A few days ago I was involved in a project dealing with intergenerational transmission of poverty and some of the dialogues in the movie brought back thoughts from work. The mother depicted in the movie was a daily wage earner, working in the informal sector. In India and many other lower and middle income countries, there is a huge section of population working in the informal sector and most survive on day to day earnings. Some don’t have enough to meet their daily needs and most do not have anything to save for the future. And this brings in another worry of a huge population of elderly people resulting from the same informal sector, without any sort of retirement savings.

I strongly feel that every human has a right to dream a rosy future and somewhere when one is consumed with thoughts solely of how they/their family can survive the next day, life is not completely justified. There is some information from research and mostly from the field of economics that intergenerational poverty is transmitted from parent to children especially in those living below the poverty line (BPL). Somewhere, there is a little mismatch, since the huge middle class strata of India, which extends from those just above the poverty line to those doing very well, often times demonstrate examples of children capable of attaining their dreams through hard work and education loans and scholarships and being able to climb from one strata to that higher. This is somehow extremely difficult for the poorest of the poor (BPL), even though many of the schools have very similar opportunities for growth. Additional aspects such as health and nutrition have been implied to add to lower school attendance in children and the reasons for being unable to escape the poverty trap become complex with multiple compounding factors.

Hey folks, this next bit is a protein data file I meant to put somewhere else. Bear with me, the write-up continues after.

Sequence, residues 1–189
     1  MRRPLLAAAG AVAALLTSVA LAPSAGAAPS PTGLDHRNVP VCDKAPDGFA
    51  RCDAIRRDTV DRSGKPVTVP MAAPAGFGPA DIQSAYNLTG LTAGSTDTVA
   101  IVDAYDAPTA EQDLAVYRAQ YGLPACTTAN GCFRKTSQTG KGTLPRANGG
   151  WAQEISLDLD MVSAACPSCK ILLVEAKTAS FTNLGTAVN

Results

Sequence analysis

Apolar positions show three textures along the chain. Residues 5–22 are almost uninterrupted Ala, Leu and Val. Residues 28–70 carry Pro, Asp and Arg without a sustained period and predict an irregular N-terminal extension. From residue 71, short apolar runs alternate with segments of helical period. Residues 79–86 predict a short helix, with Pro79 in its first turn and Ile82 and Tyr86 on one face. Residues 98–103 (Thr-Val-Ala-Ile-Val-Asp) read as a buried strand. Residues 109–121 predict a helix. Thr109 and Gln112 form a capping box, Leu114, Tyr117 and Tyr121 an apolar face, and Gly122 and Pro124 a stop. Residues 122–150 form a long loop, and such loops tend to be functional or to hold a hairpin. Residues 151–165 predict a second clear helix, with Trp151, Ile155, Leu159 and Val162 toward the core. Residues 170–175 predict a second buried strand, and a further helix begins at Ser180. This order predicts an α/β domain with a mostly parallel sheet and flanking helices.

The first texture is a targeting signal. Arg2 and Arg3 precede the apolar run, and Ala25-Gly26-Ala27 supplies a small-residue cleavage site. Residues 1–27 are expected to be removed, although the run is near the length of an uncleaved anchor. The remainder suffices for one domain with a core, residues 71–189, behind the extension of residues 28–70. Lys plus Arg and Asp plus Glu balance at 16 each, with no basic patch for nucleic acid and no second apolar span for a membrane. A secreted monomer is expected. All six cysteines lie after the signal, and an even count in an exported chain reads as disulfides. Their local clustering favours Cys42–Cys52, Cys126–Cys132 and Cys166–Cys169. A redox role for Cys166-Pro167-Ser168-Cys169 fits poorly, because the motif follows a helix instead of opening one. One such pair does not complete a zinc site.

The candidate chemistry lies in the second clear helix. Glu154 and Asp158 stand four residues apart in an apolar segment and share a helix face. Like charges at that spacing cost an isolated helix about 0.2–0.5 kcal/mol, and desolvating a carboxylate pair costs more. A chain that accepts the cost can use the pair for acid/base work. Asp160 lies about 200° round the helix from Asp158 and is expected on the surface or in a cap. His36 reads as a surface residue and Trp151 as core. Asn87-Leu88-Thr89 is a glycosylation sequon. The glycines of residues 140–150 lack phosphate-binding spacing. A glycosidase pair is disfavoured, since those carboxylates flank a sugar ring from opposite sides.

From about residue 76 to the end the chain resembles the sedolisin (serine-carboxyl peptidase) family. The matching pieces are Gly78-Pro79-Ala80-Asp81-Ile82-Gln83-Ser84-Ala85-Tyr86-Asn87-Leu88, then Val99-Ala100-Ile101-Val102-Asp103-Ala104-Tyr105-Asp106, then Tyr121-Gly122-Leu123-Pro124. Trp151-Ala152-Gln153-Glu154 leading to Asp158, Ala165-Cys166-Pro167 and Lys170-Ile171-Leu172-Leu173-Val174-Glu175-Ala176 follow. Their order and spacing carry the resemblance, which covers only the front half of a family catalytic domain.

What has been seen to work to some extent is conditional cash transfers (CCT). And more evidence from research is needed in this area. Pilot projects where cash transfers were made to the BPL families, tagged with compulsory school attendance, or availing government immunization/health programmes were seen to effect family nutrition and quality of life in a positive manner. School attendance also improved due to better nutrition and health. This would probably be a mechanism to escape the poverty trap. However, much more needs to be done in a proper structured manner. Also the process for CCT needs to be efficient without involving too many intermediaries that can raise avenues for corruption or bureaucracy or both (one stop mobile money transfer has worked well in Kenya). Community cooperatives also work to some extent, however, a strong community engagement, community participatory action methods are needed to be explored.

I am often frustrated that researchers do not come together to build sustainable projects. Grants are mostly driven with motivation for a few publications, or a PhD degree or obtaining a faculty position. Sustainable projects can be made possible only by a multidisciplinary team and until researchers stop working in silos where an economist only works with another economist and a qualitative researcher only with their own folks, it will be very difficult to achieve anything meaningful on the ground. One can generate multiple models of why things are not working, but ground level realities require tangible practical solutions and most importantly, ones which are sustainable in minimum resource settings.

Picture acknowledgement- Asian Development Bank